This news certainly doesn’t make for a chamber of commerce moment: According to the Center for Public Integrity, not one state in the union was deemed worthy of an excellent grade for their effectiveness toward ethics enforcement and against corrupt government. The recent State Integrity Investigation report gave “B” grades to five states (including New Jersey… New Jersey?!?!?!) and failing grades to nine (including, alas, my home state of Georgia, which ranked dead last).
All in all, we shouldn’t be surprised, but it is appalling that the government in whom we have placed our trust can get such low marks for following ethical procedures and maintaining open and transparent government affairs. The report pointed out several points of failure: exemptions, loopholes, straight-up malfeasance and a significant lack of enforcement.
The report goes a long way to a) raising my blood pressure and b) pointing out a wide range of problems. Awareness and communications are a great form of transparency, and maybe these findings will garner some much-needed zeal for anti-corruption enforcement. But so many areas are at risk – budgeting and fiscal responsibility, procurement and state contracting, fund management, auditing procedures, executive oversight, and the list goes on.
The report’s project manager, Caitlin Ginley, said that “in every state, there’s room to improve the ethics laws, the level of transparency on government proceedings, the disclosure of information, and – most importantly – the oversight of these laws. One of the major findings was that even when ethics laws are passed, they are difficult to enforce and lack meaningful consequences for violators.”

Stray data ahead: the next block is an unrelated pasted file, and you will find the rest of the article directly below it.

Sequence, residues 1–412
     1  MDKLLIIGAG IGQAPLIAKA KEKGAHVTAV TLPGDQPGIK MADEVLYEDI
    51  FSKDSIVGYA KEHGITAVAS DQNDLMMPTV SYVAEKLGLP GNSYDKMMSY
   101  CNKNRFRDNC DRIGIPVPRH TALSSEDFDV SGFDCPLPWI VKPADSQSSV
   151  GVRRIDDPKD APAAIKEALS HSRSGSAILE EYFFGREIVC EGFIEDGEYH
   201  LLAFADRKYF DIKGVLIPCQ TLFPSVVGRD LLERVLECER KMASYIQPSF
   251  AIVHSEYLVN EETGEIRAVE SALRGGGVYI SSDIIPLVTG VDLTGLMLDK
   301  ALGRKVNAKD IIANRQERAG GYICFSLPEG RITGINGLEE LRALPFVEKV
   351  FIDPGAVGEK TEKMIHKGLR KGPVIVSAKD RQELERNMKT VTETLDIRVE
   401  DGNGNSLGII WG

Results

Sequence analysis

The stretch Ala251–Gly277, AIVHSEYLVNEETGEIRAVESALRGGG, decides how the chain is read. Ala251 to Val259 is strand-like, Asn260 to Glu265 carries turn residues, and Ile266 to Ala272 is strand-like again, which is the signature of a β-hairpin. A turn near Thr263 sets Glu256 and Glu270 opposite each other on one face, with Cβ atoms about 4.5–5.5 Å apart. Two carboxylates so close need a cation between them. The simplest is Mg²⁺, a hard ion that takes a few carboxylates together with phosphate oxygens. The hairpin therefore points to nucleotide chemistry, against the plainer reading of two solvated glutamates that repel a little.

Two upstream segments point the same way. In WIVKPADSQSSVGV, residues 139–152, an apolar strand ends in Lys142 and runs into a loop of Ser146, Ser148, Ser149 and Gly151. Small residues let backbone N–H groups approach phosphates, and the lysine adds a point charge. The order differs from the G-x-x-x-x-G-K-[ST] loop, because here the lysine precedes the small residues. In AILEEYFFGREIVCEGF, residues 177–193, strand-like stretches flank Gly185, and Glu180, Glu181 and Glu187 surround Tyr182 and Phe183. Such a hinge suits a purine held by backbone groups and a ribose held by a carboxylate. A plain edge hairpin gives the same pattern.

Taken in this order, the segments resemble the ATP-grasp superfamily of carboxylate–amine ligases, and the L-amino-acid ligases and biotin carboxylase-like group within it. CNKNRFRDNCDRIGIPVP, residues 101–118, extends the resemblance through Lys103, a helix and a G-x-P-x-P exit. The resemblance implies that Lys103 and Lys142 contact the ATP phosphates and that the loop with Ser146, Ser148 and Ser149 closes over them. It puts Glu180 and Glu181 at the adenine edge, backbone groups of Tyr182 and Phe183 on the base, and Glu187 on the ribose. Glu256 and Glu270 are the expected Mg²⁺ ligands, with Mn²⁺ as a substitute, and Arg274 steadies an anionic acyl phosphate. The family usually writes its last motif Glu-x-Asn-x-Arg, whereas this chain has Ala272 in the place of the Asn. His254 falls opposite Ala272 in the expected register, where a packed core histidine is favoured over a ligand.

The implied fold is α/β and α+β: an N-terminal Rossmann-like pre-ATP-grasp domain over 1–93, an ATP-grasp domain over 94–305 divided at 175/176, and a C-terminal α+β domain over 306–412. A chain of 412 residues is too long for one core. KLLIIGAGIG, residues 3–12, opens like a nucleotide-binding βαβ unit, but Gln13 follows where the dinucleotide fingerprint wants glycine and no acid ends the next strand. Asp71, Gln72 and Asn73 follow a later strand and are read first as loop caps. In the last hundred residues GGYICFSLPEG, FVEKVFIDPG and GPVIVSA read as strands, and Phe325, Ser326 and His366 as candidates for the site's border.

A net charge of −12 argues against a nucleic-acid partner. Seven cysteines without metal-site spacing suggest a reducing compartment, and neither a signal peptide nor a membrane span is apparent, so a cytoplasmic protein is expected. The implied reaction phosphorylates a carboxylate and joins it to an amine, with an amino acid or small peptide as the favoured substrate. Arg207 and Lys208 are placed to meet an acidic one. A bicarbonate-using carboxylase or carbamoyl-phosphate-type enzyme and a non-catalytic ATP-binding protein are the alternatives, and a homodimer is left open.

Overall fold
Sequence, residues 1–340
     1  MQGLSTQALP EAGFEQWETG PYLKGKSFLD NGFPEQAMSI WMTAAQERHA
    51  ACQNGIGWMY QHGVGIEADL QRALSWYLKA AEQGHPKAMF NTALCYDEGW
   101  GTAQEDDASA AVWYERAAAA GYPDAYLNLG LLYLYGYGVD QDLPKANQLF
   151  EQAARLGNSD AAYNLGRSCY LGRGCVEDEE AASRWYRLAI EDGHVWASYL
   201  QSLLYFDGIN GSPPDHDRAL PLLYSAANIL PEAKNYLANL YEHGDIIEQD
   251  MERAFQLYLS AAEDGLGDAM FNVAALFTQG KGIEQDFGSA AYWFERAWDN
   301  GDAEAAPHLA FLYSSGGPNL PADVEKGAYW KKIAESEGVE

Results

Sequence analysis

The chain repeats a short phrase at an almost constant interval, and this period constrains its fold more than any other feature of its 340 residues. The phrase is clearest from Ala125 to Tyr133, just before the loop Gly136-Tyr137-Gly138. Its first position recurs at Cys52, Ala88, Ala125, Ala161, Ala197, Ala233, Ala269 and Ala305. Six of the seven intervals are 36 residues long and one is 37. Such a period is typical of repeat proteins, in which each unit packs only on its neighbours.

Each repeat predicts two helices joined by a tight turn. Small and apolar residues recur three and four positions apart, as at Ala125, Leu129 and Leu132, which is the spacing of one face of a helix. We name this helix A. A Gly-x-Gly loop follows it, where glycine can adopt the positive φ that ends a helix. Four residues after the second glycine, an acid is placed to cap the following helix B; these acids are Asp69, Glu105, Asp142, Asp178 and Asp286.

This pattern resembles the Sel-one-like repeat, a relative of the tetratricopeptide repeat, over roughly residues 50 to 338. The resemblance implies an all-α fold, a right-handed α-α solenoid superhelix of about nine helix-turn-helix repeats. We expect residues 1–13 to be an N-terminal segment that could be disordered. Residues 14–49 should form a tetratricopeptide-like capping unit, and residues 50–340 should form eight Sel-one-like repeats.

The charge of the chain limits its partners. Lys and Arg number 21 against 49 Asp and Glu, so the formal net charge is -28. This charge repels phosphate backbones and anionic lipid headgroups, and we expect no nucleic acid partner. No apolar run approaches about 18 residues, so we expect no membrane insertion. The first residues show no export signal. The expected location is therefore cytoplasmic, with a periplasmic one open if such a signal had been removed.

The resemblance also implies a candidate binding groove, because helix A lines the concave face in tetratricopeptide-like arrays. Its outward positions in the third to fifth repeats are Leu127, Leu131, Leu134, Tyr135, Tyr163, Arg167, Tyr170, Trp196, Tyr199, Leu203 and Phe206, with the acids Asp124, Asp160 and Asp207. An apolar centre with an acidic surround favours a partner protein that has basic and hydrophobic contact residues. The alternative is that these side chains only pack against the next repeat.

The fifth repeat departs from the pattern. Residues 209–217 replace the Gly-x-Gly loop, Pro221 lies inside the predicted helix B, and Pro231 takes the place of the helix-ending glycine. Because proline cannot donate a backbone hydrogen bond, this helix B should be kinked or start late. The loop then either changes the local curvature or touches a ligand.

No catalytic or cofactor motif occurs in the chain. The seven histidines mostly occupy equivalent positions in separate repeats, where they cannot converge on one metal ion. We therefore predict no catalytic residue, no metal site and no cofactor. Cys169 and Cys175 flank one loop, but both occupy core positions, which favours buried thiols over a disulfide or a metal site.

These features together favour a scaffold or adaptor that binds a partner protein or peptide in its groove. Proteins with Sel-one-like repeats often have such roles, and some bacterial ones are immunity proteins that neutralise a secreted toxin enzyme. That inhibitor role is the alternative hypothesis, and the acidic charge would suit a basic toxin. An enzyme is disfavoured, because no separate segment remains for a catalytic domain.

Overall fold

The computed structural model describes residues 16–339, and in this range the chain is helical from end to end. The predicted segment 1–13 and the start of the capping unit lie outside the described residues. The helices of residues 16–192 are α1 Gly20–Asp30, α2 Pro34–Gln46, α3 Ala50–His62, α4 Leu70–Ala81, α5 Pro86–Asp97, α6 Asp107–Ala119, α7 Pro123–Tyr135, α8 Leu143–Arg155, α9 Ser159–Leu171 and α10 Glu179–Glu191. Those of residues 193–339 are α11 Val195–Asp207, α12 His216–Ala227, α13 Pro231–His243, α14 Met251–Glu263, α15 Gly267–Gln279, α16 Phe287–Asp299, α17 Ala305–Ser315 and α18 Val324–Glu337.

It’s like asking the 800-pound gorilla in the room to kindly change seats.
Governments rely on accountability commissions and ethics boards to police themselves and rarely make reference to the viability of their compliance initiatives or risk management programs. The public sees it as black-or-white: either the government is functioning in a transparent, ethical manner, or there is political corruption and the guilty parties should be run out of office.
The corporate enterprise, on the other hand, understands that gray areas are just as important, as long as the shades of risk are properly managed and ethical lines are not crossed. They do this with comprehensive policies and interactive training balanced with solid methods of incident reporting and issue management. And, they take what they learn and apply it back into their compliance mix, so that the same mistakes don’t reoccur.
So, Georgia legislators, what do you think? Would a course on conflicts of interest, anti-bribery or gifts, gratuities and entertainment be beneficial to you? Do us Georgians a favor and take a look at this two-minute video about ethics training.